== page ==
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Monthly Archives: January 2024
How to set financial goals
New year, new you! Every January, people follow the same pattern of setting resolutions—usually to lose a few pounds and save a few dollars—and by the second or third week, those dreams have already been dashed. Sound familiar?
What if this year really was different? Maybe this “new you” would resolve to learn HOW to set reasonable financial goals, instead of randomly picking an amount to save. The biggest issue with resolutions is they often seem so grand in theory but harder to execute or stick to long-term. This year, we’re here to help you better understand how you should be setting your goals, so you can continue meeting them month after month.
It’s important to remember that financial goals are always ongoing. You may have a short-term to-do list, like saving for a vacation or building your emergency fund, but you’ll also want a long-term strategy to ensure your future needs will be met. With that in mind, let’s dive into how to set financial goals.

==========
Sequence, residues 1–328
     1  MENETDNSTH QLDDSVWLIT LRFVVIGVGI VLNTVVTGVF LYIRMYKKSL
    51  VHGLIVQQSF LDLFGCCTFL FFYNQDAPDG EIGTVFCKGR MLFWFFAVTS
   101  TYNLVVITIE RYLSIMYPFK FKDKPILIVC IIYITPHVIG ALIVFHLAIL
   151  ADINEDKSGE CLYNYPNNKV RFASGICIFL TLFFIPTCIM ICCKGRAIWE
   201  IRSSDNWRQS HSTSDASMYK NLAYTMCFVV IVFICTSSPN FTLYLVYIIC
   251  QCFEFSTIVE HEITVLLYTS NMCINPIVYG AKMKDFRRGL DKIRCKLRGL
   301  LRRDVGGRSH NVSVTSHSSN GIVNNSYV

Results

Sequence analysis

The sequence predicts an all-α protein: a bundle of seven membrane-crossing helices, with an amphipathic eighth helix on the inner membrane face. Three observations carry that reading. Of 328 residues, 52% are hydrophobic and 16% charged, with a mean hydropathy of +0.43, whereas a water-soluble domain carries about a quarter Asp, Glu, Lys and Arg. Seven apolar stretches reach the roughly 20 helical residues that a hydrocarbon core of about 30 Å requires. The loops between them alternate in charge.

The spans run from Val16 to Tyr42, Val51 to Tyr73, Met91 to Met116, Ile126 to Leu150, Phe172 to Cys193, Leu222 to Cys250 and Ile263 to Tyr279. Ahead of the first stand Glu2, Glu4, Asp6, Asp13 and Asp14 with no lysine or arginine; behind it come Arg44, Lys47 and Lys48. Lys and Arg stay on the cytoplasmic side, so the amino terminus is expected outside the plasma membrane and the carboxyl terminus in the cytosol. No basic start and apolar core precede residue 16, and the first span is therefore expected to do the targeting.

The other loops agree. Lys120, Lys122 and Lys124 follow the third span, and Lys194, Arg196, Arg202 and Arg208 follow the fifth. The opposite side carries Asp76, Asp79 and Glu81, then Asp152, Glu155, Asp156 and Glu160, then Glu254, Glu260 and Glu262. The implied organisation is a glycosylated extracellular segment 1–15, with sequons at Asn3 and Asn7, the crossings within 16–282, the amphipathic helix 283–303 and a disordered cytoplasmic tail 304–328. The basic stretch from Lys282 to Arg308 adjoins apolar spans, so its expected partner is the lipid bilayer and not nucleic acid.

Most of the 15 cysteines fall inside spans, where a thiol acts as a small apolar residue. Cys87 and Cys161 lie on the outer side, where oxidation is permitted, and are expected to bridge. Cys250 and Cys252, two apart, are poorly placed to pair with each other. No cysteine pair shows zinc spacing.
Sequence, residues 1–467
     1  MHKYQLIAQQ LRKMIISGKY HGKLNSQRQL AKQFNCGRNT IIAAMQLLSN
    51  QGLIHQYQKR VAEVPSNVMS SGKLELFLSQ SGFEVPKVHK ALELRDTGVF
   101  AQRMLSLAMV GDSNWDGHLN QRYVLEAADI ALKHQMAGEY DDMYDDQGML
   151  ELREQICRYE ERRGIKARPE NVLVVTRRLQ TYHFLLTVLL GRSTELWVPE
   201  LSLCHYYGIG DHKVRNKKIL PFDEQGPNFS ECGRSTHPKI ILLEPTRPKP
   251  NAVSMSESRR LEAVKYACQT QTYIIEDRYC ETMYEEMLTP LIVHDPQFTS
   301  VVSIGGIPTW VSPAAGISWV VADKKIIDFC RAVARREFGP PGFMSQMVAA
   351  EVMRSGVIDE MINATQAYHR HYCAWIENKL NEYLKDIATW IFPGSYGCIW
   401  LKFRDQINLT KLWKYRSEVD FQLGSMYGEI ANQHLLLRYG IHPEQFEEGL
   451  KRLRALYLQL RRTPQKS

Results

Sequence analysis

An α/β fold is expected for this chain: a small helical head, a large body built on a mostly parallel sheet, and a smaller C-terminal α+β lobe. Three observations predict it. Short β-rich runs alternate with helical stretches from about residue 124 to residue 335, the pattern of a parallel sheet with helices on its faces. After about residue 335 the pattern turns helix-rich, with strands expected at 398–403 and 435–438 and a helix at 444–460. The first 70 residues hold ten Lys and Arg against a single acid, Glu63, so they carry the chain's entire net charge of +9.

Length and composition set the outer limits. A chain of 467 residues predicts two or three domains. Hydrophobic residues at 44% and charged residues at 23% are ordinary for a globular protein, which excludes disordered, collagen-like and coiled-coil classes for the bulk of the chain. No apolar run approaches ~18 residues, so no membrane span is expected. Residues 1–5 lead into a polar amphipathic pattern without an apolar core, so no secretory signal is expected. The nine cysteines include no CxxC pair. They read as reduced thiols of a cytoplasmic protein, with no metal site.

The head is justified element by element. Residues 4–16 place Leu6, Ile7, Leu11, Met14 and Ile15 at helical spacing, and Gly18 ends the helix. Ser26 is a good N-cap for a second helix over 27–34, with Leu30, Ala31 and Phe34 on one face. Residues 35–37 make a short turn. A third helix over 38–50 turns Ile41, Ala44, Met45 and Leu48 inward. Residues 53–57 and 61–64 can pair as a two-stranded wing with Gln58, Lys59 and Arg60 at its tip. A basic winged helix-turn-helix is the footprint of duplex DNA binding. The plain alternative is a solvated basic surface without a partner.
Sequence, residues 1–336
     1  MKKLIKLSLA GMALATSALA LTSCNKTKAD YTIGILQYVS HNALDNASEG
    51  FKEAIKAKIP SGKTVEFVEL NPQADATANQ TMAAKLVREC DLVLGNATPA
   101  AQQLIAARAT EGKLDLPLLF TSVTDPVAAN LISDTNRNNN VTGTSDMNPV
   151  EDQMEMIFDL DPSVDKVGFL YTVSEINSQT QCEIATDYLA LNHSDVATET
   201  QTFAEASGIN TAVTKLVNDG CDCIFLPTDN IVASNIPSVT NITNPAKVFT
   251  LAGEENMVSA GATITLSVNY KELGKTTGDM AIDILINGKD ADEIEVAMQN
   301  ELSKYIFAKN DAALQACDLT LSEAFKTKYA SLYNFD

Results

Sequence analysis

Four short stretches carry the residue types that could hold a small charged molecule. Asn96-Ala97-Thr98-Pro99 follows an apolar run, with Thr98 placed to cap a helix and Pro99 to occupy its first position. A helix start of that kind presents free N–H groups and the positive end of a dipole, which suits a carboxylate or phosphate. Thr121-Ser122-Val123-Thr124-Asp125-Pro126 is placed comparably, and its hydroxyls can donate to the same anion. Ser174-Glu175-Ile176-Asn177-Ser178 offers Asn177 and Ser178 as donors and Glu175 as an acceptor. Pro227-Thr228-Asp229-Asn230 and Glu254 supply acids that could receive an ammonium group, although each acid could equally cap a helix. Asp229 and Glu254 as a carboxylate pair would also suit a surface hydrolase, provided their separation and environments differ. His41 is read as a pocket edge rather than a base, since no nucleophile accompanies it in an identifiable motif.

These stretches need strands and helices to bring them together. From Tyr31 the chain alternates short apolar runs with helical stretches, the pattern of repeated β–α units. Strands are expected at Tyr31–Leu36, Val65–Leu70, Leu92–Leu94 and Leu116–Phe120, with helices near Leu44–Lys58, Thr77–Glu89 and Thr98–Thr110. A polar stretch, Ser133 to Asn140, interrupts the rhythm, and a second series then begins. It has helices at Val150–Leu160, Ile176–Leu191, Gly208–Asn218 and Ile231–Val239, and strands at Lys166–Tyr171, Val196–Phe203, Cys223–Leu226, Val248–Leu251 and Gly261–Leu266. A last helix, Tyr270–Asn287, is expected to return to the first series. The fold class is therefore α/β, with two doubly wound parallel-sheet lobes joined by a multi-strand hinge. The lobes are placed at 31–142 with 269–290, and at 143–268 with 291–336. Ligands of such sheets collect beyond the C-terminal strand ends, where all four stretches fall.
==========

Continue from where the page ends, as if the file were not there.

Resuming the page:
1. List and prioritize goals
As the famous Julie Andrews said, let’s start at the very beginning! Start by listing out the things you want to accomplish, including things you’re already working on and things you haven’t yet started. While you create this list, you should also think about your reasoning behind these goals.
For example, maybe you want to save up for your first international vacation to visit a bucket-list location. You’ll want to include as much detail about the goal as possible, including how much money is needed, what your current situation is, and what kind of timeline you expect. Including all this information can help you prioritize your financial goals.
2. Work SMART
With your intentions and purpose in mind, it’s time to fully develop your goals. You may have heard of SMART goals, but if you’re not familiar, SMART is an acronym to help set goals, and stands for: Specific, Measurable, Achievable, Realistic, and Timebound.
Let’s go back to the idea of your bucket-list vacation—maybe you want to visit Japan in the spring to see the famous cherry blossoms—specific. You’ve done the research and have an estimated cost in mind, plus a few added dollars for cushion—measurable. You also know you have enough PTO saved up to go on vacation—achievable. Lastly, after looking at your income, savings, and budget, you realize you will have enough money in your travel fund to go on this vacation in six months—realistic and timebound.